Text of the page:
Are NFL players walking a fine line between branding and revealing too much? According to Jack Bechta (NFL Agent) the answer is yes.
In an interesting post by Jack on how the NFL is handling Social Media for its players, even though more professional athletes are tweeting and sharing their every move via the electronic highway, it comes with risk because coaches and GMs hate it!
Jack says that at least one team has grown so irritated and tired of their top players’ social efforts that they decided to clean house.
This team responded to their players social media efforts by parting ways with three players and is planning on severing ties with more!
The management’s take on social media is that players should focus 100 percent of their efforts on winning and not be distracted by building their own personal brand.
As an NFL agent, Jack advises his clients to keep a low social media profile until they establish their career or prove their value in the league.
After players establishes their value or prove their worth, Jack says that they can then start building their brand by leveraging their NFL status or segue into other careers. Click here to read Jack’s story on the NFL and Social Media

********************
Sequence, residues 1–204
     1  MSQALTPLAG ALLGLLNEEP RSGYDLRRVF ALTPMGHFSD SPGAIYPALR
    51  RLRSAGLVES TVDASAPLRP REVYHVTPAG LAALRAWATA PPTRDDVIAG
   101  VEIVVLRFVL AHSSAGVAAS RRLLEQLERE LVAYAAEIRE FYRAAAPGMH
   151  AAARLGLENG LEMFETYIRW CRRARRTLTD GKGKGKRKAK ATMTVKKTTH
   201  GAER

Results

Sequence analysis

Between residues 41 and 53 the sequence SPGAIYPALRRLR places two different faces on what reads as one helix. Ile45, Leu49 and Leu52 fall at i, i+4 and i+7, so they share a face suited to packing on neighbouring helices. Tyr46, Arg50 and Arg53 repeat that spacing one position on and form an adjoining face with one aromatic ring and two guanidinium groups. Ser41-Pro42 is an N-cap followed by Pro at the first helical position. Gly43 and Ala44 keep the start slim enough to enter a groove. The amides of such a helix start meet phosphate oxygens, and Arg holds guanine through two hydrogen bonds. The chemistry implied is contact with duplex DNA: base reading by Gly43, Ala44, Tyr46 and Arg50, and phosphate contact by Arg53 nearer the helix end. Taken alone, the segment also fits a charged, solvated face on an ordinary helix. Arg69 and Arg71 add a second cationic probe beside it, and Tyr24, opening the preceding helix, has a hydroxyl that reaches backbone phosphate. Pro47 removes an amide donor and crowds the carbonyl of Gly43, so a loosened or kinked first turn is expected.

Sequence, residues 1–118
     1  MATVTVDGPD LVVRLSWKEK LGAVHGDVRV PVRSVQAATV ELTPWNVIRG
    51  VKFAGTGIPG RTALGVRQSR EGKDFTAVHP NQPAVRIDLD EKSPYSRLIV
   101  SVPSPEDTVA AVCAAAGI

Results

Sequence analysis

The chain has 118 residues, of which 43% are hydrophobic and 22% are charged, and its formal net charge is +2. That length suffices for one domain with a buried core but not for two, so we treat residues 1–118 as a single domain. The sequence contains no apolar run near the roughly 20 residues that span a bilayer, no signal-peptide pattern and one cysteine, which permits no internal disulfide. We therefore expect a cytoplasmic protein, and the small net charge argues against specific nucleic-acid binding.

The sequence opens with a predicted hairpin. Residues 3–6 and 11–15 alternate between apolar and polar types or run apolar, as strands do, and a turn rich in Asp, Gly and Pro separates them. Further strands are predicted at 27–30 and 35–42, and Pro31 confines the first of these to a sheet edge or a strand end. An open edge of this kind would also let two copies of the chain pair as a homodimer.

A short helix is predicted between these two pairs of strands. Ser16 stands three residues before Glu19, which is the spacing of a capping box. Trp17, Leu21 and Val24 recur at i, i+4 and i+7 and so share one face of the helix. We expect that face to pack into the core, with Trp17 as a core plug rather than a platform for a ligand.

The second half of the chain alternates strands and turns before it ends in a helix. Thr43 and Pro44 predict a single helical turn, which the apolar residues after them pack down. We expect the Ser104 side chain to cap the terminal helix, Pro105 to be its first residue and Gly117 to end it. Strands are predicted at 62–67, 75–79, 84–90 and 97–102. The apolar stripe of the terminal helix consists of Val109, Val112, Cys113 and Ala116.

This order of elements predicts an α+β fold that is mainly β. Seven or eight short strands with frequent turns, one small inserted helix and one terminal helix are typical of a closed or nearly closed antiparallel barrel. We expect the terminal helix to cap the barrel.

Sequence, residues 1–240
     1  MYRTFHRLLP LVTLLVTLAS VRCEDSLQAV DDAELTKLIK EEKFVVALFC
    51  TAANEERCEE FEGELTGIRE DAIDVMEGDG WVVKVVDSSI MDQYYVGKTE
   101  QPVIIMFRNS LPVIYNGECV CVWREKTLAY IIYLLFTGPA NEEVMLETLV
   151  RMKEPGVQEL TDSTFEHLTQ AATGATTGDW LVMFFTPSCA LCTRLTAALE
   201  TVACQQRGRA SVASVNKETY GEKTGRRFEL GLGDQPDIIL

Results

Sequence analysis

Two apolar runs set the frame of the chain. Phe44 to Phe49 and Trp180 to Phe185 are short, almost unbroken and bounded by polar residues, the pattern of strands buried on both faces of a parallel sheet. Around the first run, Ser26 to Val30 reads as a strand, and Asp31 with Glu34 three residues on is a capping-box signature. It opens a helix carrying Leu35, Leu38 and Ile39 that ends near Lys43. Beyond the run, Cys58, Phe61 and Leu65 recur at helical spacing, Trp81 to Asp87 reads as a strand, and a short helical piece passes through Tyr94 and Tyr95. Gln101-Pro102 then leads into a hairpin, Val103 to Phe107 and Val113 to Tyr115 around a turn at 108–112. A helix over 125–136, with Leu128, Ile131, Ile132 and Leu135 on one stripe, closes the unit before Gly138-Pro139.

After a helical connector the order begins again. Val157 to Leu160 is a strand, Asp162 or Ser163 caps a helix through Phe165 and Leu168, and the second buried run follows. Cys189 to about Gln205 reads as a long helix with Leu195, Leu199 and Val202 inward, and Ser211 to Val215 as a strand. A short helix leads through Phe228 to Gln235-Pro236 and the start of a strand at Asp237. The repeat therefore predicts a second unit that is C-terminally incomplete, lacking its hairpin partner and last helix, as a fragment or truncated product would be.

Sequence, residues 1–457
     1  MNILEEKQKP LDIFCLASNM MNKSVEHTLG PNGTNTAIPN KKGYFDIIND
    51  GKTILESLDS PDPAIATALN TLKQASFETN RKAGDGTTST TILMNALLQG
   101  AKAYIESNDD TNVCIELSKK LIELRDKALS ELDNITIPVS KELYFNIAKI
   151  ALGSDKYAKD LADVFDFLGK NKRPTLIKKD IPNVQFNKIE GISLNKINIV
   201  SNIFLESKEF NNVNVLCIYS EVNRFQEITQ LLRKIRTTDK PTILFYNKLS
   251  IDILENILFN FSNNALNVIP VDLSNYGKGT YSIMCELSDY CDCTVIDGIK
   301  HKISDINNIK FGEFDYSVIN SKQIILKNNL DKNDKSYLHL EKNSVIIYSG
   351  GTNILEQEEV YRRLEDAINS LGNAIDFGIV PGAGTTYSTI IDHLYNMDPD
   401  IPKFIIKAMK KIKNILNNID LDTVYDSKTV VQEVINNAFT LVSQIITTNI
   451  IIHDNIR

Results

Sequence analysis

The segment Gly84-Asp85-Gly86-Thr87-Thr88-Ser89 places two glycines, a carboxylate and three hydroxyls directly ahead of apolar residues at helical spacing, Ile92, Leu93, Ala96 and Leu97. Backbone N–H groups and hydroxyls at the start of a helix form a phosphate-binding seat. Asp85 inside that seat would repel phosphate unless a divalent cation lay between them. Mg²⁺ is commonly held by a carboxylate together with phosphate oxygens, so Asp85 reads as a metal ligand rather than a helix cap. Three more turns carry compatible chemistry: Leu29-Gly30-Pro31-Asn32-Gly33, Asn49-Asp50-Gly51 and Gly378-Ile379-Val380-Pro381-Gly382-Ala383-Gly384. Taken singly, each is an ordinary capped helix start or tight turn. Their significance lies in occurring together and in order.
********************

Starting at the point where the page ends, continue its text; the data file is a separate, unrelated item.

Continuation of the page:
What Is Your Social Media Strategy?
The NFL is perhaps not the only employer that is monitoring or controlling it’s employees Social Media efforts.
There are several stories of employees getting fired for saying too much about their boss on Facebook or Twitter.
However there are also success storuies of job seekers finding jobs using social media networks like LinkedIn, Facebook or Twitter.
So, the questions are:
Is there a right or wrong time to fully embrace social media for personal advancement?
Should you really embrace social media at the beginning of your career or after you career is established?
Is there a real risk to employers when their employees embrace social media?
Is it reasonable to assume that you can still advance your carer using social media, if you adopt it later in your career?
Is there a risk to not adopting social media early in your career?
Is there a better way of managing social media conversations, for example through HR policy guidelines, protected tweets and facebook profiles, etc?